Chase Music Group
Soft-spoken Charlie Shoemake can be quite vocal, not only as vibist and teacher, but as a spokesman for his colleagues. As he told liner annotator Zan Stewart, "being on the West Coast seems to make us second class in the eyes of the jazz media, but I know we play as well as anyone."
He's probably right about the first part of his statement; he's right on about the second half. His two trios here prove it. The brief addition of altoist Charles McPherson helps most eloquently.
The material is pure bop, much of it highly intellectual, but there isn't a moment devoid of straightahead swing: "Little Melonae," by Jackie McLean, which sounds like the dissection of an F 11th chord; complex lines by Lennie Tristano ("Crosscurrent"), Kenny Drew ("Contour") and Harold Land ("Lands End"). But in the hands of the rhythm sections Shoemake has recruited, everything flows.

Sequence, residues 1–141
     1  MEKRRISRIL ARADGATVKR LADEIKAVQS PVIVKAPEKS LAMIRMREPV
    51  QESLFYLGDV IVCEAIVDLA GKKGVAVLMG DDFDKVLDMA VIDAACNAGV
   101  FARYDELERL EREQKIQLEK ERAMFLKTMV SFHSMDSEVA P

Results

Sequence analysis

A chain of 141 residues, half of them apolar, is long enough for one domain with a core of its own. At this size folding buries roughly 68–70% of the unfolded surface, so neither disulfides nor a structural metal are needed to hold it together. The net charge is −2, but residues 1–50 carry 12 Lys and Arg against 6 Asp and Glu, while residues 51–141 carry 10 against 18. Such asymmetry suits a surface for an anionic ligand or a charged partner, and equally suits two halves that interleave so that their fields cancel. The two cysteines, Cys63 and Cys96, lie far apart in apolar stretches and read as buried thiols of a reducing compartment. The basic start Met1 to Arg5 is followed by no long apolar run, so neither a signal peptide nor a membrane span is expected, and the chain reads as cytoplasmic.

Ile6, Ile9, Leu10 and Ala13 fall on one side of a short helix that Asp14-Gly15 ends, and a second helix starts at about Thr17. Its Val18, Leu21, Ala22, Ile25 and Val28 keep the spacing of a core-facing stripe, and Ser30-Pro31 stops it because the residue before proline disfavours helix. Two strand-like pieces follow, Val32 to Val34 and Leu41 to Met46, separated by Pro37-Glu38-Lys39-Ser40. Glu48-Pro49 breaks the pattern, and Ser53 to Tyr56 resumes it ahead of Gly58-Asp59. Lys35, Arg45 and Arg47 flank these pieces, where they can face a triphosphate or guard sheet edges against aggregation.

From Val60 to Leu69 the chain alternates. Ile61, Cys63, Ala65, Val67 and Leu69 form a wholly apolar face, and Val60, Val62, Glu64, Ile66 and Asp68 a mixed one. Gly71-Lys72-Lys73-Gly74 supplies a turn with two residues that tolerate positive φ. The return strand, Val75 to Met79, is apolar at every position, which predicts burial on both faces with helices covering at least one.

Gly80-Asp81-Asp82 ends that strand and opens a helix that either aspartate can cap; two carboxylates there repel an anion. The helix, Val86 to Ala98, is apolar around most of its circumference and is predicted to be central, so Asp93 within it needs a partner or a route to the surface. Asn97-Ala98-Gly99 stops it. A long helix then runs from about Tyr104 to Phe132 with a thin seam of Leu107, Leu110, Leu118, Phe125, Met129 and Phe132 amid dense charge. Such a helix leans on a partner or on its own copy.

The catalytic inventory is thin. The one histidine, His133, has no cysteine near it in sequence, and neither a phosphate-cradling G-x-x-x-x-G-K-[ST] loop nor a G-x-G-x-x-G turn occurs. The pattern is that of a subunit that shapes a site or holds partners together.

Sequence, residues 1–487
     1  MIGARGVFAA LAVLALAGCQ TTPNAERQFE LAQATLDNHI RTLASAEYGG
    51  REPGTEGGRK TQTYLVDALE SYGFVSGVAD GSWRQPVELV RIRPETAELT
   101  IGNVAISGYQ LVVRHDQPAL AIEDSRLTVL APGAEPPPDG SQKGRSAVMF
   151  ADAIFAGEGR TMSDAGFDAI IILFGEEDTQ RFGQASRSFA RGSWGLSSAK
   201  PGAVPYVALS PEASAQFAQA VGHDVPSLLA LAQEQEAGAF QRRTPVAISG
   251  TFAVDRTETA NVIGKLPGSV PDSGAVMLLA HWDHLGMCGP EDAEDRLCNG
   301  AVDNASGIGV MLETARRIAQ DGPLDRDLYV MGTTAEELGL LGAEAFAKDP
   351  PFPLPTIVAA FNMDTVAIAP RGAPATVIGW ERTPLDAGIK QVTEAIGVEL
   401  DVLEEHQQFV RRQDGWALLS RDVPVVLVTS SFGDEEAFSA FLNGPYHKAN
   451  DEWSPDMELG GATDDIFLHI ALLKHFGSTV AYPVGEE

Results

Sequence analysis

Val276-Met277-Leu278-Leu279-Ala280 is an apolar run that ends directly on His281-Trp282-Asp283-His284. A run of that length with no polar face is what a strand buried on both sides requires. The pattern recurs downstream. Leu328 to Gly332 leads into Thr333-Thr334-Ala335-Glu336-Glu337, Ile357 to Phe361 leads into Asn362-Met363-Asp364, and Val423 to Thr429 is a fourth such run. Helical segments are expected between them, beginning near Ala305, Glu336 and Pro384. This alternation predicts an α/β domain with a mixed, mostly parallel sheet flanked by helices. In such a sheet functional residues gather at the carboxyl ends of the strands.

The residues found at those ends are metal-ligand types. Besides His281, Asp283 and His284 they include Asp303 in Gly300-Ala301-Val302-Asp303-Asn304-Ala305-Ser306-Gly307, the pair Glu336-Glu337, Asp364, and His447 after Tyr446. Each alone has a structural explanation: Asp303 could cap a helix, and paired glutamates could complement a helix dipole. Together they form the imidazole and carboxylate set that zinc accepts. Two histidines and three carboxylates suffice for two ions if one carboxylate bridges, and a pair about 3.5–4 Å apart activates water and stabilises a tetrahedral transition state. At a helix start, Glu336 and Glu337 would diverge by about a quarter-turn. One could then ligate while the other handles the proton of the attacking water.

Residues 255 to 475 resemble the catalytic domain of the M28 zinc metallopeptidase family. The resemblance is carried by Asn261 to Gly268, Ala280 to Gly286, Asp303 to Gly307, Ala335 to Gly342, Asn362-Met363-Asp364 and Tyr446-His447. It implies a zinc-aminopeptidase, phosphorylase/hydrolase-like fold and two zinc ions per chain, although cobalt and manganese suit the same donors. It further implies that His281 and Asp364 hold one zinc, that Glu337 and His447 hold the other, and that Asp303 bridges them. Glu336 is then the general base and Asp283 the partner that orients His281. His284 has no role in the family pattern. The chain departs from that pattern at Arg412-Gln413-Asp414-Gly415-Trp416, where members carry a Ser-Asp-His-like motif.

In one, Bruce Forman proves how formidable he is on guitar. He is paired with a great choice on bass, Bob Maize. The other trio includes a monster bassist, Luther Hughes, and drummer Paul Kreibich, who is always locked in to Hughes. McPherson can be heard with the latter trio on a cooking version of "Two Bass Hit" and the title track, on which manages to sneak in a quote from "Heart and Soul" in a minor mode.
Another highlight is the lovely, introspective, fluid playing by Shoemake on the neglected Nacio Herb Brown tune, "Alone." Hard to believe it came from a Marx Brothers flick.